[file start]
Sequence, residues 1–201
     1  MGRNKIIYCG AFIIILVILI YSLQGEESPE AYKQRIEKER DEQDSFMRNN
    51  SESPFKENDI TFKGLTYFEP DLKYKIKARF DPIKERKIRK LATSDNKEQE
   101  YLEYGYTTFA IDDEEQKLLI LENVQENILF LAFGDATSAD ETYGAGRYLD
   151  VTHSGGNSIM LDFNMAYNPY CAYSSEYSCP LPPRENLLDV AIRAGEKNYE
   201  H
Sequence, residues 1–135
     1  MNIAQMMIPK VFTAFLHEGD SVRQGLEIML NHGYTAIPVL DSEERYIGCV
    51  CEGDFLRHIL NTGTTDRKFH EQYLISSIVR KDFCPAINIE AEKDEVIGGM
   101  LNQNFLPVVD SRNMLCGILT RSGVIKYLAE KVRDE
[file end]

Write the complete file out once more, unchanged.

Sequence, residues 1–201
     1  MGRNKIIYCG AFIIILVILI YSLQGEESPE AYKQRIEKER DEQDSFMRNN
    51  SESPFKENDI TFKGLTYFEP DLKYKIKARF DPIKERKIRK LATSDNKEQE
   101  YLEYGYTTFA IDDEEQKLLI LENVQENILF LAFGDATSAD ETYGAGRYLD
   151  VTHSGGNSIM LDFNMAYNPY CAYSSEYSCP LPPRENLLDV AIRAGEKNYE
   201  H
Sequence, residues 1–135
     1  MNIAQMMIPK VFTAFLHEGD SVRQGLEIML NHGYTAIPVL DSEERYIGCV
    51  CEGDFLRHIL NTGTTDRKFH EQYLISSIVR KDFCPAINIE AEKDEVIGGM
   101  LNQNFLPVVD SRNMLCGILT RSGVIKYLAE KVRDE